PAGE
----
06/02/2010 05:12 am ET | Updated May 25, 2011

Is Your Congregation Safe from Child Sex Abuse?

It can happen in your congregation, too.

The crisis in the Roman Catholic Church is a stark reminder that people we love and admire may turn out to be sex offenders, capable of causing irreparable damage to young lives. Various studies indicate that a not-insignificant minority of adults (perhaps 3 to 20%) may experience some sexual arousal toward children or teenagers. Most do not act on their attractions, but some do -- and they could well be some of the "nicest" people you know.

Despite the media myth that children are abused by strangers, in 90% of child sexual abuse cases, children know their abusers well. They are family members, teachers, scout leaders, athletic coaches, neighbors, babysitters and, as the world now knows, clergy.

Places of worship should be, and usually are, safe havens from the dangers of the world. Still, every congregation must implement policies and practices to reduce the possibility of sexual abuse. These policies can help to protect not just children, but also the adolescents and vulnerable adults in your community.

The following is a checklist of 10 critical steps that can help reduce the potential for abuse in your congregation:

  1. Develop and implement a "Safe Congregation" policy that prescribes a code of ethical behavior and enunciates the congregation's safety procedures. Make sure congregants know about the policy. Provide copies to all employees, volunteers and job applicants. Let it be known that your faith community does everything possible to protect its members from abuse and harassment.
  2. Create a Safe Congregations Committee or a Sexual Misconduct and Abuse Response Team, and provide them with the skills training they need to be effective guardians of the congregation. This committee will be responsible for adopting and enforcing safety policies, communicating with the congregation, and reporting regularly to the congregation's leadership.
  3. Implement annual training for all volunteers in the religious education program so that they can recognize signs of possible sexual abuse and know what actions to take.
  4. Know your state's laws about reporting concerns about child abuse. Make sure the pastor or rabbi, religious education director and board chair understand the procedures to follow. Unless they are mandated reporters (required by state law to report suspected child abuse directly to the authorities), religious educators and volunteers should have a clear policy about how and when to alert the professional ministerial staff about potential abuse.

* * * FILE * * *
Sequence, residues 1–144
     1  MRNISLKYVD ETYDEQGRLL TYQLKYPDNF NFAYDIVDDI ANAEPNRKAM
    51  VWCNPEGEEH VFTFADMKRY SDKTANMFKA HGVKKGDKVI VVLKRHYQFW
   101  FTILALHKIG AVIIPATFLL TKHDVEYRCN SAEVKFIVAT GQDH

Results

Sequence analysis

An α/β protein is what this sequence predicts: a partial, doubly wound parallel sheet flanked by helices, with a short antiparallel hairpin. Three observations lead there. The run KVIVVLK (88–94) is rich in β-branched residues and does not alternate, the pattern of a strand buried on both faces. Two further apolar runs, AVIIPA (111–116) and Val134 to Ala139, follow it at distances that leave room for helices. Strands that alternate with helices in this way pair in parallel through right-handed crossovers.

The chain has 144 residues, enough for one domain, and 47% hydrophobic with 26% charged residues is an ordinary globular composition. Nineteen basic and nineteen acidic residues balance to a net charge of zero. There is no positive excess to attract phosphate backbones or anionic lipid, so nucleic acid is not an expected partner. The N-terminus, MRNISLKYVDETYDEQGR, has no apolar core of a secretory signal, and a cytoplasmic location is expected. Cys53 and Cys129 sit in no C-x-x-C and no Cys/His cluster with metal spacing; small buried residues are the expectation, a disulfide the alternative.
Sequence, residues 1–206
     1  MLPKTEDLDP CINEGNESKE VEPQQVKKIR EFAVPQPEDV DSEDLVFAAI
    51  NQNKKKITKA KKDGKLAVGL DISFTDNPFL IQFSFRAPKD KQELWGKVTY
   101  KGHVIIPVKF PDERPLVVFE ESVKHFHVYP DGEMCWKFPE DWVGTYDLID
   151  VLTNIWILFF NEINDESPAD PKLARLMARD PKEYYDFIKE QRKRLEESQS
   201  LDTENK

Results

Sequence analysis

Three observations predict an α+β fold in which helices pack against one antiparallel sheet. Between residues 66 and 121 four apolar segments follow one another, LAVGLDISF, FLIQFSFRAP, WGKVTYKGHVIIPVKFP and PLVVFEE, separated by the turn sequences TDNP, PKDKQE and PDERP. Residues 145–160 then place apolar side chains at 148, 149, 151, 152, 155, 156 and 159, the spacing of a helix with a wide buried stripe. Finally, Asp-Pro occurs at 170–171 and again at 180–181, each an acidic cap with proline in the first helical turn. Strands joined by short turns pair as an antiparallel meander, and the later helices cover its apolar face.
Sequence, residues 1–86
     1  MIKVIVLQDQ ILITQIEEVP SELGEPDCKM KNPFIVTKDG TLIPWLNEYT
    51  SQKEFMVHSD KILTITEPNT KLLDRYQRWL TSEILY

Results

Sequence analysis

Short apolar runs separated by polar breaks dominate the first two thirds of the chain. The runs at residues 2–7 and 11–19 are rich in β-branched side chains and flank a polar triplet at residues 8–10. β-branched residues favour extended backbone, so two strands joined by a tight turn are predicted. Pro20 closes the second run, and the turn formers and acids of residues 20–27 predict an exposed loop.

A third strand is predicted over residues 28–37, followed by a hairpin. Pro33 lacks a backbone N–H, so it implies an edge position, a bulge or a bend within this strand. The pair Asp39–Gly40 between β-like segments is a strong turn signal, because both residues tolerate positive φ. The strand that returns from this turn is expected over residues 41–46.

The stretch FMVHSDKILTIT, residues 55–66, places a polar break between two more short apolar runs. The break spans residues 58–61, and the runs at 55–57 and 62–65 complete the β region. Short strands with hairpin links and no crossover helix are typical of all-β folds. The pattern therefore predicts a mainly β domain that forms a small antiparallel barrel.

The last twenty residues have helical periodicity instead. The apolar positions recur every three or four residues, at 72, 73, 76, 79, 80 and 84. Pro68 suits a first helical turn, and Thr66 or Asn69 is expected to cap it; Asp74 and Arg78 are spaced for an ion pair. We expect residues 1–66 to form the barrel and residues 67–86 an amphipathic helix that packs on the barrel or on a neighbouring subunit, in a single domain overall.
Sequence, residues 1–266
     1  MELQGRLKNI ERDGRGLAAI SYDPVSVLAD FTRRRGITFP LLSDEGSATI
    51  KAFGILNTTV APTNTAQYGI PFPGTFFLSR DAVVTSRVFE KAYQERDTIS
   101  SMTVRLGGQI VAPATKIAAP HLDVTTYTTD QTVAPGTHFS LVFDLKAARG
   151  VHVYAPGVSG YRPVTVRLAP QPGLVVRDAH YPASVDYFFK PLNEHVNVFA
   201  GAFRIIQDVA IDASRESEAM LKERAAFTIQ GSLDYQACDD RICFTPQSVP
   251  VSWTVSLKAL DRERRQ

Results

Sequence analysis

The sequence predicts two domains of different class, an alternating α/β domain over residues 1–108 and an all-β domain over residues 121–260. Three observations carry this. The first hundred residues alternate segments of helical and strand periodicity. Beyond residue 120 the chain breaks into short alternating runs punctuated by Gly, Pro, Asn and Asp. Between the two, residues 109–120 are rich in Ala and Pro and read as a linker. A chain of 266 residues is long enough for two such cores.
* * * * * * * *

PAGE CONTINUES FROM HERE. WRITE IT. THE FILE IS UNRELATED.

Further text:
5. Adopt a screening form for all employees and volunteers (adults and teenagers) who work with children and youth. The form should ask directly about histories of sexual offenses. The use of a screening form in and of itself may deter someone looking for easy access to children. Rigorous screening procedures demonstrate that your congregation is committed to being a safe place for children.
  6. Implement a policy requiring that two adults be present in every class or program for children and youth, as well as in vehicles transporting young people to activities.
  7. Offer annual adult education programs on sexual abuse prevention for parents and families, as well as for religious education teachers.
  8. Offer regular sexuality education programs for children and adolescents as well, including sex abuse prevention, so they know how to recognize when an adult is acting inappropriately toward them. Every child, from the age of three onward, can learn "No, Go, Tell" - say no to the abuse, leave the situation as soon as possible, and tell a parent or trusted adult if someone tries to touch them or asks them to keep a secret about touching. Tell children that their religious educator, minister or rabbi, or youth leader can help them.
  9. Be sure adults in your congregation (including youth ministers) understand the difference between working with youth and becoming their friends. Healthy adults do not seek friendships with children and teens. An unhealthy relationship initiated by a sex offender may begin as a mentor or friend relationship as the offender "grooms" the child for intimate behaviors.
  10. Create and distribute a referral list of local organizations and therapists who specialize in sexual abuse prevention and treatment. Ask for help when you need it.

Congregations also should have procedures in place for how to respond when someone in the congregation is accused of abuse, or when a person with a history of sexual offenses wants to begin attending the congregation. My book, A Time to Heal: Protecting Children and Ministering to Sex Offenders, is available from Christian Community. An online guide, Balancing Acts: Keeping Children Safe in Congregations, developed for the Unitarian Universalist Association, offers provide a template appropriate for communities of faith in all traditions.

Churches, synagogues, mosques, and other places of worship can play an important role in helping prevent child abuse and equipping parents and children to be safe. Developing and implementing policies can assure that no child or teenager is abused in our sacred spaces.